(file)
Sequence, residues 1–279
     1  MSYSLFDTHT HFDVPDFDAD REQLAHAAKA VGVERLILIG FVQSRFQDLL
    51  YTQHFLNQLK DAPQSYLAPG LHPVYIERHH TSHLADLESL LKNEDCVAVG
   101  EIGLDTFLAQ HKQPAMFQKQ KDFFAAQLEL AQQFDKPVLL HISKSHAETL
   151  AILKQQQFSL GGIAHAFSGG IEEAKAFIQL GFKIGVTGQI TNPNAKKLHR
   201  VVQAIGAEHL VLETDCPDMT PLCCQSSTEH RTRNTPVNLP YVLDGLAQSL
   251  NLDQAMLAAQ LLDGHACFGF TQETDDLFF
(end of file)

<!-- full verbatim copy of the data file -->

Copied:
Sequence, residues 1–279
     1  MSYSLFDTHT HFDVPDFDAD REQLAHAAKA VGVERLILIG FVQSRFQDLL
    51  YTQHFLNQLK DAPQSYLAPG LHPVYIERHH TSHLADLESL LKNEDCVAVG
   101  EIGLDTFLAQ HKQPAMFQKQ KDFFAAQLEL AQQFDKPVLL HISKSHAETL
   151  AILKQQQFSL GGIAHAFSGG IEEAKAFIQL GFKIGVTGQI TNPNAKKLHR
   201  VVQAIGAEHL VLETDCPDMT PLCCQSSTEH RTRNTPVNLP YVLDGLAQSL
   251  NLDQAMLAAQ LLDGHACFGF TQETDDLFF